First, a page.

Beyond inactivity and unhealthy diet: how should we address obesity in 2015?

Last modified by Support on 2016/03/31 10:32


It is a common assumption that the positive energy balance underlying obesity is attributable to excess energy intake and insufficient energy expenditure. Thus, physical inactivity and unhealthy diet are the “Big Two” on which almost all preventive and therapeutic programs for obesity are focused. However, attempts to prevent or manage obesity based on these traditional risk factors have been generally unsuccessful, and the obesity crisis rages on. Recent research has emphasized that other, less obvious factors may also affect energy balance (e.g. insufficient sleep, mental stress, persistent organic pollutants etc.). These new determinants of obesity have received less research attention mainly because they do not have a caloric value per se (unlike food and physical activity). However, they are very common in today’s world and can significantly impact appetite and body weight control, thereby leading to weight gain. This presentation will argue that health practitioners and clinicians need to consider a broader range of influential factors and should target the root causes of the problem to more adequately address the obesity epidemic.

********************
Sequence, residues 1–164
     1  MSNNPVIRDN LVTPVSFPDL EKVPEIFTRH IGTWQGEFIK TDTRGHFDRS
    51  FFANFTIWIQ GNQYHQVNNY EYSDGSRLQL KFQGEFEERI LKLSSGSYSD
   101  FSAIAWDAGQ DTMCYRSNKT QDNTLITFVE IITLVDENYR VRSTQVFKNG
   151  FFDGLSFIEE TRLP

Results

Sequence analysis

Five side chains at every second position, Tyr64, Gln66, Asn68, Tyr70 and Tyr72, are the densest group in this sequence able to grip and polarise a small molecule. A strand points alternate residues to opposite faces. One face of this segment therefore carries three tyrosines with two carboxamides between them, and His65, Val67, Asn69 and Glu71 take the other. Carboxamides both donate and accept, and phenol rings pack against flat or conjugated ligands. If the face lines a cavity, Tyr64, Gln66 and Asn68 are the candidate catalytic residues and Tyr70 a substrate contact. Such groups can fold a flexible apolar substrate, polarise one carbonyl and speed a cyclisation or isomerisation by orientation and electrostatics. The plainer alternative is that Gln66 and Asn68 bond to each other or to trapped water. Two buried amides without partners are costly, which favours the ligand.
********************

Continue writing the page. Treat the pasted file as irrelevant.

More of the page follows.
Presentation Slides


PhotoJPCHAPUT.jpgJean-Philippe Chaput, Ph.D.
Healthy Active Living and Obesity Research Group
Children’s Hospital of Eastern Ontario Research Institute

Dr. Chaput is a research scientist at the Children’s Hospital of Eastern Ontario Research Institute and an Assistant Professor in the Department of Pediatrics at the University of ttawa (Canada). His research focuses on obesity prevention and the adoption of a healthy lifestyle. He is also interested in new determinants of obesity such as lack of sleep and mental stress. Dr. Chaput has published more than 170 peer-reviewed scientific articles (h-index of 25) and has contributed to a large number of conferences around the world. He received several awards for his research, including the Roger Broughton Young Investigator Award from the Canadian Sleep Society (2015), the International Journal of Obesity New Faculty Award from World Obesity (2014), the New Investigator Award from the Canadian Obesity Network (2011), the New Investigator Award from the International Association for the Study of Obesity (2010) and the Ethan Sims Young Investigator Award from The Obesity Society (2005).

Created by Ann Watkins on 2015/10/26 16:33